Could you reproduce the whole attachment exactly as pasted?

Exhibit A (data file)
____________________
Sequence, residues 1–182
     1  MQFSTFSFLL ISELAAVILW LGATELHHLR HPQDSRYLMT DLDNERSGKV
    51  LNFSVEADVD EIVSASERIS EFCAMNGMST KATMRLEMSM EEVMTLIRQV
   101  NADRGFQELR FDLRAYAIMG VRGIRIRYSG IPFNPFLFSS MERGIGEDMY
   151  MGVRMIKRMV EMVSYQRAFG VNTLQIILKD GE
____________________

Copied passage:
Sequence, residues 1–182
     1  MQFSTFSFLL ISELAAVILW LGATELHHLR HPQDSRYLMT DLDNERSGKV
    51  LNFSVEADVD EIVSASERIS EFCAMNGMST KATMRLEMSM EEVMTLIRQV
   101  NADRGFQELR FDLRAYAIMG VRGIRIRYSG IPFNPFLFSS MERGIGEDMY
   151  MGVRMIKRMV EMVSYQRAFG VNTLQIILKD GE